To ensure that cities build water and sanitation services that are climate resilient, WSUP focuses on two key areas: strengthening service providers, and building more effective regulation and financial planning.
These two elements will improve the likelihood of the poorest receiving safe water and sanitation services even as droughts and flooding continue to increase in frequency.
Making best use of scarce water resources
In many cities, around 50% of water can be lost before it even reaches customers. This so-called non-revenue water has a crippling effect on the availability of water, as well as utilities’ income streams.
As droughts become longer and more frequent, utilities must take steps to reduce leakages and make better use of the water that they have available. In Antananarivo, Madagascar’s capital, WSUP supports the city’s utility, JIRAMA, to reduce water loss and improve water availability for hundreds of thousands of low-income residents. As a result, JIRAMA has been able to save around three million m3 of water – enough to serve an additional 300,000 people per year.
Reducing contamination caused by poor sanitation
Encouraging low-income residents to empty their pit latrines prior to the rainy season reduces the amount of faecal waste flowing into streets and spreading through communities during periods of flooding.
In Lusaka, WSUP created a toilet database to provide information on when pit latrines need to be emptied, helping city authorities implement climate-resilient measures that prevent the spread of cholera in the event of flooding. In addition, WSUP helps communities to improve the design of toilets so that they are raised from the ground and are less likely to overflow in times of heavy rains.
Improving drainage to minimise impacts of flooding
By better managing heavy rainfall in a city, we can avoid the damage to communities caused by floodwater particularly in low-income communities where infrastructure can be weak. In Maputo, we have worked with the city council, CMM, to improve drainage around low-income communities.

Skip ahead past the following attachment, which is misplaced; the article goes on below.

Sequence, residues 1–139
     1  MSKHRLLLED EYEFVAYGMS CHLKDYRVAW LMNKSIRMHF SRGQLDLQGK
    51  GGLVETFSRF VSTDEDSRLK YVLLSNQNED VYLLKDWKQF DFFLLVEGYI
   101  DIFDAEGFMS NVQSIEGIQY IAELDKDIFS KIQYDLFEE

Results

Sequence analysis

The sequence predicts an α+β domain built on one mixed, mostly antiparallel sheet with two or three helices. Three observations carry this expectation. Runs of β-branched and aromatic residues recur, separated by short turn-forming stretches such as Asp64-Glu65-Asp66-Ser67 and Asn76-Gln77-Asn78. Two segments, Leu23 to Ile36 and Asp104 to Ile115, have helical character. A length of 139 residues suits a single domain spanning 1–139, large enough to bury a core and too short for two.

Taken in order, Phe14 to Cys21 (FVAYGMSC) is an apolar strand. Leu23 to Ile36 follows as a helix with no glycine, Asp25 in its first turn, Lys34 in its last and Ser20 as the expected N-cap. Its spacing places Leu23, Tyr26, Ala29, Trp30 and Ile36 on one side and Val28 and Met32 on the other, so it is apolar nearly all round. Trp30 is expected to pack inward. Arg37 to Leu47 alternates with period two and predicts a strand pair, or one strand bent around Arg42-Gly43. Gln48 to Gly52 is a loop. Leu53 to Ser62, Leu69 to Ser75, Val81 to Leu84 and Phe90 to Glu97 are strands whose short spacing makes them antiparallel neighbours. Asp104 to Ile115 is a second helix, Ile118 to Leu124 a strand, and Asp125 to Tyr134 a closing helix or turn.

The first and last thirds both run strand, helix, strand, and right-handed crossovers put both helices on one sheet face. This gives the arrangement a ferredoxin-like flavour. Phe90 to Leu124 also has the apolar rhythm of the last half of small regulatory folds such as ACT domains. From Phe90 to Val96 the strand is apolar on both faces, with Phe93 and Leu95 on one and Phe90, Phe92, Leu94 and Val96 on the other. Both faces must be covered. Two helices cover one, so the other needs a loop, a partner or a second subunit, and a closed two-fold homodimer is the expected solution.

The right national policies, regulation and financing can make a significant difference to water and sanitation service coverage in low-income communities. In Kenya, we helped the water regulator introduce new measures to ensure that serving low-income customers is no longer a choice for utilities, but a regulatory requirement. And in Bangladesh, we supported the national government to introduce a new framework determining who is responsible for delivering nonsewered sanitation services, impacting how City Corporations prioritise action in this area.
Research to support climate resilience
Our research also has a role to play improving climate resilience. A recent study assessed the impact of extending services to low-income communities on city-wide water demand.
Importantly, findings of the study suggested that many thousands of low-income consumers in Nairobi and Accra could benefit from an improved level of service – a yard tap connection – with only a small increase in demand at the city level; in other words, water scarcity is not an excuse for limiting services to low-income communities.